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6 Common Vulnerabilities In Smart Contracts
Smart contracts are useful for peer-to-peer transactions in blockchains. They are also helpful for trade finance and insurance to improve claim processing, stock taking, and record keeping.
Although these blockchain applications are useful in various industries, they may not always be safe and prone to attacks. The effects of smart contract attacks are very devastating and can cause significant losses to a project’s investors.
This article will address various vulnerabilities in smart contracts, how they occur, and their effects on them. We will also highlight how to mitigate these smart contract vulnerabilities.
Common Smart Contract Vulnerabilities
A reentrancy attack is any procedure that, in its execution, can be interrupted in the middle, reentered, and the previous and the latter functions continue to the end. Therefore, a reentrancy attack occurs when an untrusted external force, known as an attacker, repetitively calls its targets’ withdrawal function.
The contract does not automatically update the account balance and recurs the withdraw function until it is washed clean. The attacker manipulates the withdraw function and associates it with their smart contract that recursively withdraws the amounts. Reentrancy attacks completely drain ether from your smart contract and interfere with your contracts.
Reentrancy attacks can be mitigated by updating the contract before adding another contract. This vulnerability can also be avoided by understanding the difference between the call, transfer, and send functions since attackers only maximize those.
This smart contract vulnerability can also be mitigated by marking all untrusted functions and using a mutex. Mutex locks the contract on its state, with only the contract owner being able to edit.
Denial Of Service Attacks
A DOS attack is meant to stop the host’s services to the client. Untrusted external contracts also play a significant role in DOS attacks. DOS attack in ether occurs when transactions are stopped due to system failures. The attacker may overload the target computer with many requests that the target cannot handle and can’t serve its clients.
In September 2016, two DOS attacks were conducted on the Ether networks to slow down the processes. When a contract tries to do a refund, it reverts. When this happens, criminals can become leaders by ensuring that all transactions with them fail. DoS attacks slow down the operation of a contract. They also lead to system failure and chain transaction failures.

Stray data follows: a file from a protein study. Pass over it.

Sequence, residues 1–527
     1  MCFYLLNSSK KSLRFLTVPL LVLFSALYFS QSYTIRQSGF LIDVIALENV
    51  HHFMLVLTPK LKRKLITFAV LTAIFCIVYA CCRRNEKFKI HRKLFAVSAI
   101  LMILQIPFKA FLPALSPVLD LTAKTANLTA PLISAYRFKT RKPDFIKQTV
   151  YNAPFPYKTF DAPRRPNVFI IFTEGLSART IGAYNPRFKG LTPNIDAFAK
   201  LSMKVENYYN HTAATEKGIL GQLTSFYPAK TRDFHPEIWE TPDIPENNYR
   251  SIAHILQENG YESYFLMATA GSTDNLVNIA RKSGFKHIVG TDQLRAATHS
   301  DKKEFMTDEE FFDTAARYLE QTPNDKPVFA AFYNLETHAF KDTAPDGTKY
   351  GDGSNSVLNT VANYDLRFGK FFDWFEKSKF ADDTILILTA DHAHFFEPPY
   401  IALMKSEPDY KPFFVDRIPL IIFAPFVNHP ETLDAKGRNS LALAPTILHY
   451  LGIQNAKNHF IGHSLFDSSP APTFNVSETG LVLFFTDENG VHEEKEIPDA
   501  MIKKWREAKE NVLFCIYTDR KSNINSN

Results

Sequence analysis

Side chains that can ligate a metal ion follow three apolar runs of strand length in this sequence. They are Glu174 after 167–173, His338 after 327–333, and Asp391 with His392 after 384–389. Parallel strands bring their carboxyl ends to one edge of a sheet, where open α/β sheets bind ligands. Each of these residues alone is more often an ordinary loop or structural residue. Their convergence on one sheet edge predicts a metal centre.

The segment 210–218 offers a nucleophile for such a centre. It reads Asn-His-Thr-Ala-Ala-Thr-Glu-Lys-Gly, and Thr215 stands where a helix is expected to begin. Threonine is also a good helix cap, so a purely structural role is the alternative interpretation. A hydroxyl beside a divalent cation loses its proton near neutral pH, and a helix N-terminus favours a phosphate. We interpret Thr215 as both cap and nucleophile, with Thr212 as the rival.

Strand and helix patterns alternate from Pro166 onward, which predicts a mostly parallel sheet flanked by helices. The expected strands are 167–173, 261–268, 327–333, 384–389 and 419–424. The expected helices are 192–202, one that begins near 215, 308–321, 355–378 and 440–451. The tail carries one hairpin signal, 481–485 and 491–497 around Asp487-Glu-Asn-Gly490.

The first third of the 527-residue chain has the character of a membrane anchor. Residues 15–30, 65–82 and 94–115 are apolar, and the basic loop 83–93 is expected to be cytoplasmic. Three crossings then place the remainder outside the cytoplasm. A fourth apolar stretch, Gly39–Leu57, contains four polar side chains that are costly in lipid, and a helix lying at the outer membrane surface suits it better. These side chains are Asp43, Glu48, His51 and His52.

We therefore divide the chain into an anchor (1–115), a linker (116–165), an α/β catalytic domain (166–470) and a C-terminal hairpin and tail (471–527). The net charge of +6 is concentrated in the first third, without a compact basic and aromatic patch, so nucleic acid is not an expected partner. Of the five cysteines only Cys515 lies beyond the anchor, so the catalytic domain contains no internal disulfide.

This vulnerability can be mitigated by avoiding making contracts with untrusted parties. DoS attacks can also be prevented using pull payments instead of push payments and software-defined networking to configure rules to block any DOS attacks.
It’s the maximum amount a smart contract owner is willing to pay to process his/ her payments. If, at any point, they exceed the gas limit, the transaction fails. An attacker can take advantage of this by sending DOS attacks. This attack will stop a chain of other operations in line.
The main effect of gas limit vulnerability is slowing down all transactions. However, the gas limit vulnerability can be mitigated by setting higher limits to make faster processing of your transactions by miners.
Frontrunning is overtaking an unconfirmed blockchain transaction. Frontrunning occurs due to the blockchain’s transparency property. Unconfirmed blockchain transactions are visible in the mempool, but only before the miner includes them in a block.
Transactions in mempool can be easily monitored by interested parties and can be overtaken by paying higher transaction fees. For developers to mitigate against frontrunning, they need to redesign the blockchain.
Smart contracts generally express numbers as integers because they do not have floating-point support. Therefore, one must step down to small units when integers represent values in smart contracts. Stepping down to small units when using integers is vital to allow for accuracy.
Expressing integers in small units may cause the integers to overflow. When done wrongly, integer arithmetic may lead to a lack of precision. Developers can use safe math libraries to mitigate their code from this smart contract vulnerability.
Other Logic Bugs
Logic bug errors may result from simple typing errors, misunderstanding of the specification, or a programming mistake. These logic bugs negatively affect a smart contract’s functionality and security.
This smart contract vulnerability can be mitigated if you understand the contract’s specifications and have insight into the project’s intended functionality. The issue can also be corrected when you thoroughly understand the code base of the transaction.
These vulnerabilities have caused many smart contract projects to lose money. Constant loss of funds in smart contracts has made these projects aware of the need to take security seriously. Therefore, developers must employ vital tools to mitigate these smart contract vulnerabilities. In addition, the thorough auditing of smart contracts is also critical to help rectify any weaknesses.
There are so many other vulnerabilities that could lead to a project’s downfall. However, knowing these common ones and how to prevent them can go a long way in helping developers ensure the success of their smart contract projects.